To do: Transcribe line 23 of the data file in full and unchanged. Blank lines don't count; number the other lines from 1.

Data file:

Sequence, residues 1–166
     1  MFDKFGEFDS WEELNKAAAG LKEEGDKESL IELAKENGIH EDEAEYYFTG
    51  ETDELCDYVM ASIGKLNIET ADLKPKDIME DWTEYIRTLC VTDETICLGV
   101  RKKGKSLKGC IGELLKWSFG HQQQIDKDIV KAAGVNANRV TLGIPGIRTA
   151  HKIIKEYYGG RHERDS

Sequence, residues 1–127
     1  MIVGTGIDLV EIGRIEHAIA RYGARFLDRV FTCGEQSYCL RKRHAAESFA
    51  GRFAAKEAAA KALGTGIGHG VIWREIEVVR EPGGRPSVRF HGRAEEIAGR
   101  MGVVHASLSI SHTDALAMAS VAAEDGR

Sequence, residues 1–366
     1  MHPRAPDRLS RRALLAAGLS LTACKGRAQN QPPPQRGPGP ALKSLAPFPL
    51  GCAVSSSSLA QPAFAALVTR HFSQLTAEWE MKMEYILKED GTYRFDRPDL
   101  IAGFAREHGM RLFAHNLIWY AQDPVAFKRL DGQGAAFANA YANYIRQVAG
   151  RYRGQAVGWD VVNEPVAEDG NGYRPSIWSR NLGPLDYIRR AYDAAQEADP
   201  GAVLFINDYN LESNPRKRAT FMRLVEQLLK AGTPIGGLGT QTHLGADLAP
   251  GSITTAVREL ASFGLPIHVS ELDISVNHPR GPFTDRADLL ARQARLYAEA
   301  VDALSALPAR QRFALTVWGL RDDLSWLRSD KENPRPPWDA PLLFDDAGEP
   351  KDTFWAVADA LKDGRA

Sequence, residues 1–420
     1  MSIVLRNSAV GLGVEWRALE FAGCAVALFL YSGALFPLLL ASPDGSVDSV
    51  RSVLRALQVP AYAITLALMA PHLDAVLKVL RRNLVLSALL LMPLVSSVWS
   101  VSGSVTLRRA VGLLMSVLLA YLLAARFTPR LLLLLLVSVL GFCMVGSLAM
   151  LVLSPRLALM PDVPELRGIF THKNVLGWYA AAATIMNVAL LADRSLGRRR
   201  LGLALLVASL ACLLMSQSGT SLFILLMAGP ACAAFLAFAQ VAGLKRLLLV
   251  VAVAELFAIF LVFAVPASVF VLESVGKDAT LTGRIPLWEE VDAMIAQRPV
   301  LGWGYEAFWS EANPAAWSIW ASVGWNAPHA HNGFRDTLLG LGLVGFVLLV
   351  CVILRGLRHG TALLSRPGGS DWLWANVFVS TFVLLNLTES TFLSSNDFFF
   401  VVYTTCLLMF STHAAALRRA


   151  LVLSPRLALM PDVPELRGIF THKNVLGWYA AAATIMNVAL LADRSLGRRR